Imagine healing energy throughout your body. Visualize the medication you take as helpful, and mentally send it to painful areas. Imagine, too, that your body tolerates the medication well. 

Another option: Sit with your eyes closed, listening to music, and clear your head of thoughts. 

Why it works: As you meditate, your breathing slows and deepens, relaxing your muscles. It also distracts you from pain, Ehrman says.

4. Practice gentle yoga.
How it’s done: “Find a yoga class that has a meditation component, or look for a meditation class that includes yoga stretches,” suggests James Carson, Ph.D., a pain psychologist and assistant professor of anesthesiology at Oregon Health and Science University.

Carson cautions against demanding yoga classes, which can worsen pain. Find an instructor experienced in working with people who have arthritis. 

As little as half an hour per day will bring benefits, Carson says.

Why it works: Yoga helps safely stretch your muscles. The increase in balance and strength also helps to keep you from straining during physical activities.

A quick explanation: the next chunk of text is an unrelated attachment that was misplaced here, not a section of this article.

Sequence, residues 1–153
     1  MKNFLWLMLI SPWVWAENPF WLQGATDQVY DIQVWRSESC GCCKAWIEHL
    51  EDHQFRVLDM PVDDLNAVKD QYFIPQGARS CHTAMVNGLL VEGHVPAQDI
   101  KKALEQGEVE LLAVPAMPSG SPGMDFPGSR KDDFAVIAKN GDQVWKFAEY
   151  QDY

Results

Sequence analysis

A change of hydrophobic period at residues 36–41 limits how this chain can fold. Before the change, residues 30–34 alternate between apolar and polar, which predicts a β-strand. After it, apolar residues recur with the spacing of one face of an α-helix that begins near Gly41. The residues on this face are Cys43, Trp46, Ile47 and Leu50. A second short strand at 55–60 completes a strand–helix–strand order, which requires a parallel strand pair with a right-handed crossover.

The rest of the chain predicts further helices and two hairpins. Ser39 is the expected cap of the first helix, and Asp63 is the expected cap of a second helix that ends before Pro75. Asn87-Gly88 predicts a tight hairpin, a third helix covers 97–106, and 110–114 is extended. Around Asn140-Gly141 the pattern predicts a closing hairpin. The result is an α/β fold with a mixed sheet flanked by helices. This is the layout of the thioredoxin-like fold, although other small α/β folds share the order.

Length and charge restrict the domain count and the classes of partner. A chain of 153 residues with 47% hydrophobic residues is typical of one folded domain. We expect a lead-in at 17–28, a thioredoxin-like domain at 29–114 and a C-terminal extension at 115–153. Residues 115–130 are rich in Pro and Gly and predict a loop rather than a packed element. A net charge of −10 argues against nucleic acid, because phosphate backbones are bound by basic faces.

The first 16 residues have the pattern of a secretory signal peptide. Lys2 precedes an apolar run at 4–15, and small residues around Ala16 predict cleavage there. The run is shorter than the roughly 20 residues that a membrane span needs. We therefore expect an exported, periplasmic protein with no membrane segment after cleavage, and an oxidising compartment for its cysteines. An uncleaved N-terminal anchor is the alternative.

In an OHSU study conducted by Carson, fibromyalgia patients who practiced yoga at least 40 minutes a day for eight weeks reduced their pain levels by 24%. They also increased levels of strength, balance, relaxation and acceptance of their difficulties. 

“This class wasn’t just poses or stretches,” Carson notes. “We strongly emphasized meditation and breathing.”

5. Shed pounds.
How it’s done: There’s no shortage of diets out there, but most boil down to taking in fewer calories, says Thomas Vangsness, M.D., chief of sports medicine at the University of Southern California’s Keck School of Medicine.

“Stay away from McDonald’s, unless it’s a salad. Stay away from butter and sugar,” he says. Eat more whole grains, fruits and vegetables.”

(Check out Lifescript’s Diet Center for more weight-loss advice.) 

Why it works: Taking weight off painful joints relieves some of the pressure that makes them hurt.
“If you’re carrying 10 extra pounds, you’re putting 100 pounds more force on your knee with every step,” Vangsness says. “If you lose 10 pounds, you’ll feel better.”

6. Stretch yourself.
How it’s done: Take yoga or Pilates classes to help maintain a full range of motion in your joints. 

For hips and knees, you can ride an exercise bike four times a week for 20-30 minutes – enough to work up a sweat, Vangsness says. 

Vangsness also recommends this on-the-spot hip stretch: Lie down and pull one knee up to your chest. Hold for 10 seconds and repeat with the other leg. Do a few repetitions each day. 

Another stretch: Lie down. Put a towel in a loop around your foot and pull your leg up so your knee is straight. You’ll feel a stretch in the muscles at the back of your leg and hip. Hold for 10 seconds and repeat with the other leg. Do a few repetitions each day.